The Red Monastery (SOHAG)

The Red Monastery (SOHAG)

THE MONASTERY OF ST. PSHAI is more commonly known as the Red Monastery (al-Dayr al-Ahmar). The historian al-Maqrizi (d. 1442) used this name, explaining that it was built of red bricks.96 Saint Pshai was a hermit and companion of St. Bigul, St. Shenute’s uncle. As a young boy, Shenute (d. ca. 465), abbot of the neighboring monastery that later carried his name (also called the White Monastery), was initiated to monastic life by his uncle and St. Pshai.

Although it is not known whether St. Pshai founded the monastery or whether it was dedicated to his memory, it is most likely situated on the place where he lived. When Shenute became head of the White Monastery, he also assumed authority of the Monastery of St. Pshai as it became a component of his monastic federation.

Historical documentation is scarce. In 1301 the painter Mercurius left a dated inscription in the sanctuary of the church. Father Vansleb visited the site in 1673, to find only the church with its high enclosure walls. He wrote that the sanctuary, where Mass was celebrated, was preserved but the nave had been ruined. The columns were still standing and he admired the beauty of the capitals.97 The evening before Vivant Denon visited Sohag in 1798, Mamluks had sacked the church complex and it was still burning.98

Scholars have mainly been interested in the larger, mid-fifth-century church of Shenute’s monastery. The Church of St. Pshai (early sixth century) was similar in outline but smaller and built with cheaper materials: brick instead of limestone blocks. High brick walls enclose a basilican type church with a trilobed sanctuary and a long narrow hall along the south wall. Reused sculptured friezes surmount the northern and southern entrances. At present, the sanctuary (the only part of a building preserved inside the walls) functions as a church.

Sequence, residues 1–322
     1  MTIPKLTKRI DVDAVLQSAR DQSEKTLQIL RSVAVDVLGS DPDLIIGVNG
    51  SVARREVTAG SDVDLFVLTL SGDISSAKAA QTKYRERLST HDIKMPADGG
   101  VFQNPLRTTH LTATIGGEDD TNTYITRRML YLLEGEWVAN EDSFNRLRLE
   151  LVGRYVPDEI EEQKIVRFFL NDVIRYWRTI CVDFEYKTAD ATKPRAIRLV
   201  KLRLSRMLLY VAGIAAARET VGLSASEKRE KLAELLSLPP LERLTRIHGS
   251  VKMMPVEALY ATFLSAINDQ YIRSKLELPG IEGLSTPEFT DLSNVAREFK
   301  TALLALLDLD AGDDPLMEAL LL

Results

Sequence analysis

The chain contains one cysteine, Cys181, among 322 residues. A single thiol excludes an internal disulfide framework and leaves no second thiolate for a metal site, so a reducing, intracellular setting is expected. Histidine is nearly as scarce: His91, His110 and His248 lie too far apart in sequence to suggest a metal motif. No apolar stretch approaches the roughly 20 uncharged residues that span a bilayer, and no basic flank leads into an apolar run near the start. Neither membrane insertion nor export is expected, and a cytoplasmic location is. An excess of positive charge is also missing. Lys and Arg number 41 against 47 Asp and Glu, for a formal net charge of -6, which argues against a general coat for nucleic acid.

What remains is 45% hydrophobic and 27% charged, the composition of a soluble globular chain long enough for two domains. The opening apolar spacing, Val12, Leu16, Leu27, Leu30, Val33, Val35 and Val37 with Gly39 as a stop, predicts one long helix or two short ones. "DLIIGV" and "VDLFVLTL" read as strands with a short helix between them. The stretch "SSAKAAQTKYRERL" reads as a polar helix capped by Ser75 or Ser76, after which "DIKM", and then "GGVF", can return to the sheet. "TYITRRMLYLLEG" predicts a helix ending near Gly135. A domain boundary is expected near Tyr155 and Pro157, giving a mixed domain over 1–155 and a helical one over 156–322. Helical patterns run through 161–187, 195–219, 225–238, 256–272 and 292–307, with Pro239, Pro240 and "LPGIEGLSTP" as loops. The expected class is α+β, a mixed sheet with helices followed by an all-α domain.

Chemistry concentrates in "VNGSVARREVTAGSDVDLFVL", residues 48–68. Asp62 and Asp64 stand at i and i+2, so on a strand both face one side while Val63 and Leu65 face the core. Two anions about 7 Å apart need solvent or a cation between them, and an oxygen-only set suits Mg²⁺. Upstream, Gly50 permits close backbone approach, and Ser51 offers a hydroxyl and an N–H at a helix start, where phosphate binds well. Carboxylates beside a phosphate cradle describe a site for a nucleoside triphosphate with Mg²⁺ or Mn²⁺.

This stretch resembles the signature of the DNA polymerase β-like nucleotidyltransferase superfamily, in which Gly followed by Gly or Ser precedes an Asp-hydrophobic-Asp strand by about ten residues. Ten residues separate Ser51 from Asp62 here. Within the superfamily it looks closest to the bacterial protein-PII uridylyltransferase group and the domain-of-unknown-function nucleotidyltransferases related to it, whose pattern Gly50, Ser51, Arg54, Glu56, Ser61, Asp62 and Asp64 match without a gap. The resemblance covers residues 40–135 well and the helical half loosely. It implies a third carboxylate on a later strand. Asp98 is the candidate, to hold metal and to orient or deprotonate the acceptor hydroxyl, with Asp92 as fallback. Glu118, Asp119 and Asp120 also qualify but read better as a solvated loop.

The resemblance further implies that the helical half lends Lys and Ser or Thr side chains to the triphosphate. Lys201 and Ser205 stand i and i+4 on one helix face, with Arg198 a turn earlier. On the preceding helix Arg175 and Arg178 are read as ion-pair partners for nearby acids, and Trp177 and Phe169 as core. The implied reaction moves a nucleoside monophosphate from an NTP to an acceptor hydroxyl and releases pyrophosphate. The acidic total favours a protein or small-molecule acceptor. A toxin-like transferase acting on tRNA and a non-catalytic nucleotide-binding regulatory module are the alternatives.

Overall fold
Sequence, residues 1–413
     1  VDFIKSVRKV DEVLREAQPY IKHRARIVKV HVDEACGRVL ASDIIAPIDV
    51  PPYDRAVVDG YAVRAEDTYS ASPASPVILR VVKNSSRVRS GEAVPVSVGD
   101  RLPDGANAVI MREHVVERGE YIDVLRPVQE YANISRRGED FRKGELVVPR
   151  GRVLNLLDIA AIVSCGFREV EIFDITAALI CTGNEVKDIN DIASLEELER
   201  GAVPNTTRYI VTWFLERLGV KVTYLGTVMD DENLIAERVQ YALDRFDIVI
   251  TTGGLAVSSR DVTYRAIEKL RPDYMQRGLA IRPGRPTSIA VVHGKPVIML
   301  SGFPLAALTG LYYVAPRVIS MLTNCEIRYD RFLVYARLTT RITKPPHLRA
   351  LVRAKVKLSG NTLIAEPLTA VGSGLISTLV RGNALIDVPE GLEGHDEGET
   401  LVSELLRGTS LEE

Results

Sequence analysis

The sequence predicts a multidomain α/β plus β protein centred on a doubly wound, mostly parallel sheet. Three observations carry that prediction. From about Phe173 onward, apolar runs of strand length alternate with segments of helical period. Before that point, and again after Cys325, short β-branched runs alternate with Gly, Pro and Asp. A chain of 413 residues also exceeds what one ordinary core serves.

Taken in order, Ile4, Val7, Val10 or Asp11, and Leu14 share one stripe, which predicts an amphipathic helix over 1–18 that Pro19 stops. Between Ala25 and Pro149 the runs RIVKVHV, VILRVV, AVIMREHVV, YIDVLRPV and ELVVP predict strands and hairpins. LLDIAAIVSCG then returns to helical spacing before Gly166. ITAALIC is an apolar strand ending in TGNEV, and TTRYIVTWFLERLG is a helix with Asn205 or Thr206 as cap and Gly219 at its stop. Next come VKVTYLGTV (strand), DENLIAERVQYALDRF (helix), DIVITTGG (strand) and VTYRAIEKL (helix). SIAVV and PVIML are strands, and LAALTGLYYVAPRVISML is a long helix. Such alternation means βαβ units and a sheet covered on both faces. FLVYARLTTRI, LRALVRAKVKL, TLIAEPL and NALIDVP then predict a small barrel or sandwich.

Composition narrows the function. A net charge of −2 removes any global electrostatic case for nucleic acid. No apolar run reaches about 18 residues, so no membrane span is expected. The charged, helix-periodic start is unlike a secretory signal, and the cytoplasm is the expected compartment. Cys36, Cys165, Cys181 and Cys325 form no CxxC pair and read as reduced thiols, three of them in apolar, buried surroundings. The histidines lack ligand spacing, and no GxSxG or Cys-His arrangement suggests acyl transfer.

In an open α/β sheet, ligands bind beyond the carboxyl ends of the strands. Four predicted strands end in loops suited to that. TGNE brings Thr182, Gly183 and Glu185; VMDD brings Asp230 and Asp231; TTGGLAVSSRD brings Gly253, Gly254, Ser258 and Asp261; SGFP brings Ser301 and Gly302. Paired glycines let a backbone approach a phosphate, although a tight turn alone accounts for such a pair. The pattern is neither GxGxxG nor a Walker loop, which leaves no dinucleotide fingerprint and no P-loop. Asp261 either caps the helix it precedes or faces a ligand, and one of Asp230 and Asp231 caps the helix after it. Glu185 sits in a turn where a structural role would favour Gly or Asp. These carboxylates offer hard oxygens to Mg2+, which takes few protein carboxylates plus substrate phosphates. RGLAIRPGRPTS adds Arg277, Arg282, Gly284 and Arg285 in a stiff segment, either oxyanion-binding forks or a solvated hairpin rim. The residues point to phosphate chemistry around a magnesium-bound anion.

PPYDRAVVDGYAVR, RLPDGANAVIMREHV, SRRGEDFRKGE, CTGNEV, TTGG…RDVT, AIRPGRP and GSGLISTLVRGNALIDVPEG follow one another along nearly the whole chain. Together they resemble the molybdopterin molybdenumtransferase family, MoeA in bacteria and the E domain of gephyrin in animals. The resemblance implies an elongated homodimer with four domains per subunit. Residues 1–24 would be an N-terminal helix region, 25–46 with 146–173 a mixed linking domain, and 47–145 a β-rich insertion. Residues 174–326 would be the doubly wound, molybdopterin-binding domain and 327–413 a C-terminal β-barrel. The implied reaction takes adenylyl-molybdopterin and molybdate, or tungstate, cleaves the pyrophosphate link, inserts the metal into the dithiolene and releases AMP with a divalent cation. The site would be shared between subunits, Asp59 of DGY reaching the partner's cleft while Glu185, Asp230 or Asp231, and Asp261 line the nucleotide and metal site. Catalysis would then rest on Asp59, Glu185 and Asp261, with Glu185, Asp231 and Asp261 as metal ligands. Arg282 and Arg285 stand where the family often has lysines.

The architectural system of the trilobed sanctuary consists of richly decorated niches in two superimposed registers. Columns between the niches are carrying architraves for the upper register and the semi-dome. Two features make this sanctuary unique: first, most of the decorative sculpture is original to the construction of the church and, second, the walls are painted throughout. Color enlivens the sculpture pieces and imitation stone patterns or decorative designs cover all architectural elements.

The semi-domes were painted with Christ enthroned with the Four Living Creatures, flanked by archangels (east); the nursing Virgin enthroned, accompanied by prophets, saints, and angels in a richly decorated framework (north), and a similar architectural framework with Christ enthroned, surrounded by St. John the Baptist and his father Zacharias, angels, evangelists, and patriarchs (south).

Through the centuries, soot and grime had been blackening the paintings, and a process of
restoration began in 2002.99 The northern lobe has been finished and shows its former splendor. New research dates the semi-dome murals (the fourth layer of wall painting) to around 800, while the architectural paintings belong to the second layer.

The wealth of details coming to light will considerably enrich our knowledge of painting in late antique Christian Egypt, as well as of the history of the monastery.

 

 

 

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